With the first quarter of 2010 behind us, interest rate differentials have emerged as the dominant fundamental force and key driver of currency movements. In other words, currencies associated with increases in interest rates should rally. This is a return to a more “normal” pattern that preceded the global financial crisis. After the Lehman Brothers collapse in September 2008, risk aversion became the dominant fundamental force. Consequently, currency flows followed a path to safe-haven baskets. During this period, there also was a liquidity crisis and a global shortage of dollars due to the de-leveraging which occurred. The dollar and the yen were the primary beneficiaries of this flow. The global financial crisis was very severe, as global GDP in 2009 contracted by an estimated 0.8% and world trade volume declined by 12%. We are still feeling the effects.
During the financial collapse, the U.S. dollar strengthened in a panic-driven atmosphere. The financial collapse also was characterized by unprecedented quantitative easing by central banks and along with it extremely low interest rates. In this period, interest rate expectations as a major force for currency valuation lay dormant. But it is a sleeping giant that is now awakening. The signs of pre-financial crisis conditions are present. One manifestation of a more normal financial situation is the three-month LIBOR (London Interbank Offered Rate)/OIS (overnight indexed swap) spread, which is near pre-crises levels. Expectations of a U.S. recovery have strengthened as U.S. private sector jobs have risen to the highest levels in three years. But how do you translate a global recovery into forex trading strategies? Which currencies will be favored? Which will be punished?
The shift in global economic conditions to an “expected growth” mode brings into play the traditional carry trade. This trade works by selling or borrowing low interest currencies and buying the higher interest paying currencies. It is a play on interest rate differentials. In a sense, there always will be a carry trade as long as there are differences in interest rates between countries. In pre-crisis years, the Japanese yen was the favorite carry trade currency, as the yen held the status of the lowest interest rate currency. This was followed to a lesser degree by the use of the Swiss franc and even the U.S. dollar. Forex traders would play the carry trade by selling these currencies against currencies offering higher rates such as the British pound, Australian and New Zealand dollars. The world became afloat in borrowed yen and U.S. dollars. This trade strategy collapsed as trillions of yen and U.S. dollars had to be quickly bought back during the global de-leveraging that occurred.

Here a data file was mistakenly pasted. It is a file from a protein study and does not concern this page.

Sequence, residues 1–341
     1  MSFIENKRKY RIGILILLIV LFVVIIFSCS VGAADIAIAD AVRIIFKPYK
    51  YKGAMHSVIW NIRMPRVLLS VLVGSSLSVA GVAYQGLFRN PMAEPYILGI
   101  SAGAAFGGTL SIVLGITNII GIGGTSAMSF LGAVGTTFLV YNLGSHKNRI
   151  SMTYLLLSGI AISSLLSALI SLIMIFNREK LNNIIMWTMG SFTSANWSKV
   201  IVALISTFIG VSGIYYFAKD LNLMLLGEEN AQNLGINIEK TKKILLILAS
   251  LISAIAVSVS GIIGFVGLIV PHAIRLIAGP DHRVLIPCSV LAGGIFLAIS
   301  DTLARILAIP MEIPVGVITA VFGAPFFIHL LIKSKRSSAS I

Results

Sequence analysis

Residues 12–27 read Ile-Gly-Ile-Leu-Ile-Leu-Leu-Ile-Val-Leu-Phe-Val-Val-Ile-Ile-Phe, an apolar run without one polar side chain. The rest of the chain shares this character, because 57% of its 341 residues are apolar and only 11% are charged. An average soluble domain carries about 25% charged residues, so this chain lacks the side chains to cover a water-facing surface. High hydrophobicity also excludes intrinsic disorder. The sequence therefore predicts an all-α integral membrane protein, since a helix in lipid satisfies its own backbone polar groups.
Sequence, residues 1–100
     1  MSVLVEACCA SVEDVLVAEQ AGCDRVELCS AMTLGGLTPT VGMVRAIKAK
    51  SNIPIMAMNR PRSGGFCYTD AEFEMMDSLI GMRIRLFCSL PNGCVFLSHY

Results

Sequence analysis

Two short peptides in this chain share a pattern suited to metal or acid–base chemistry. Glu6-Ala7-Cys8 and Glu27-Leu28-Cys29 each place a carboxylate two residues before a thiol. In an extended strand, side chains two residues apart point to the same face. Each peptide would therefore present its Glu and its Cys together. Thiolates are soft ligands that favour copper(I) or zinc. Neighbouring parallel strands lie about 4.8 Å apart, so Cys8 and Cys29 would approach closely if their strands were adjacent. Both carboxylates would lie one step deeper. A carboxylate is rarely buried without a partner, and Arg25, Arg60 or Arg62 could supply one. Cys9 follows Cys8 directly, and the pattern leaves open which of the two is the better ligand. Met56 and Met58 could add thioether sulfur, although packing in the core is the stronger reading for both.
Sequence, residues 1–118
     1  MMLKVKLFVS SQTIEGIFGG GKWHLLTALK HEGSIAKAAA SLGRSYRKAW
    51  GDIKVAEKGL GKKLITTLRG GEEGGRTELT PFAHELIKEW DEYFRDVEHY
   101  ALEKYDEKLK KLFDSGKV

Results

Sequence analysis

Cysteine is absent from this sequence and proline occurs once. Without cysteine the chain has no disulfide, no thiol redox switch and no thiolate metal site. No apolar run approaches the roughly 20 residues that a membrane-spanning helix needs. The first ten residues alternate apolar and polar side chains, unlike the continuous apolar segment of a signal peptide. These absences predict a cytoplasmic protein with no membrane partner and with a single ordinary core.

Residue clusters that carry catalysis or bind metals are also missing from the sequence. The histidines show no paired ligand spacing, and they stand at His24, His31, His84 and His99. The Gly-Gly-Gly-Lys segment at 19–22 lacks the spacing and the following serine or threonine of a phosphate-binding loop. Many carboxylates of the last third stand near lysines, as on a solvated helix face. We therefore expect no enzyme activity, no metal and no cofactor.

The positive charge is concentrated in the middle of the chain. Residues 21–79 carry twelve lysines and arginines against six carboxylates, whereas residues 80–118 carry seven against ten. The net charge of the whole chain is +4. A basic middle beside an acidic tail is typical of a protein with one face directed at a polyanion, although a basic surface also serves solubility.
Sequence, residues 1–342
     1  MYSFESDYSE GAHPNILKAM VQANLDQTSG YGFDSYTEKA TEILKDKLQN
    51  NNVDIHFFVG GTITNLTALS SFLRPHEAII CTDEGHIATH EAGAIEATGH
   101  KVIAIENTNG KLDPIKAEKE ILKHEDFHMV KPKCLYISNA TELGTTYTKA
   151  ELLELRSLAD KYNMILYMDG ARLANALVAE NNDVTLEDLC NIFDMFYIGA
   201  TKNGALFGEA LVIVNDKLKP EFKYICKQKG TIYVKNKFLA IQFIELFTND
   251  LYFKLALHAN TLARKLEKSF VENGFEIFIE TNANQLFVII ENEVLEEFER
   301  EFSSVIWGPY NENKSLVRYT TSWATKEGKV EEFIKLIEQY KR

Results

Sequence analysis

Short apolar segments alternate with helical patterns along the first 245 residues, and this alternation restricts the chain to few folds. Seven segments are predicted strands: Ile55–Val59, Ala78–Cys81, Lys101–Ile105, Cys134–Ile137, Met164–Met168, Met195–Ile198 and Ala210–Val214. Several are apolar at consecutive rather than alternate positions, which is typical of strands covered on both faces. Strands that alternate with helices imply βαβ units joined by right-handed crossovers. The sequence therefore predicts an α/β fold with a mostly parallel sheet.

However, now with global conditions changing toward growth, the carry trade is back. Evidence of this can be seen in the price patterns of Barclays Bank PLC USD Intelligent Carry Index (ICI). ICI allows you to view and participate in a managed approach for a carry trade strategy without trading in the spot market.
However, ICI calculates the carry trading only using G10 currencies. As the carry trade rebounds, emerging markets will provide strong opportunities. India, Brazil, and Russia should be considered. India’s central bank recently increased rates to 5% from 4.75%. India’s inflation pressures could push rates higher. Its current GDP growth rate is 7.2%, with expectations for growth to be as high as 8.75% in the coming year. Buying the INR (an ETF based on the value of the rupee vs. the U.S. dollar) is a way to participate in rupee appreciation.
The Brazilian real’s (BRL) current interest rate of 8.75% provides one of the highest interest rate differentials against the USD or the yen. The Brazilian Bovespa Index also just experienced a 22-month high, showing increased demand for Brazilian assets. The Russian ruble (RUB/USD) has become a carry trade target with both a high interest rate, 8.25%, as well as strength correlated with a bullish oil market. While using exotics can produce larger interest rate differentials, they also bring added volatility and liquidity risk, so that must be worked into the equation.
For those who want to put on a traditional carry trade, the Aussie and New Zealand dollars are solid high interest rate currencies vs. the yen. You could even consider the U.S. dollar vs. the yen if you believe in a U.S. recovery occurring faster than Japan. It is also a play on the Federal Reserve either increasing rates or becoming more “hawkish” in its orientation. Even though the interest rate differential is very small now, it is likely to widen.
The carry trade does not guarantee profits, and in many cases can set up large losses when it gets overdone. But when markets are following traditional fundamentals, it offers steady returns when followed judiciously.
Abe Cofnas is the author of “The Forex Trading Course” and “The Forex Options Trading Course” (Wiley). Reach him at firstname.lastname@example.org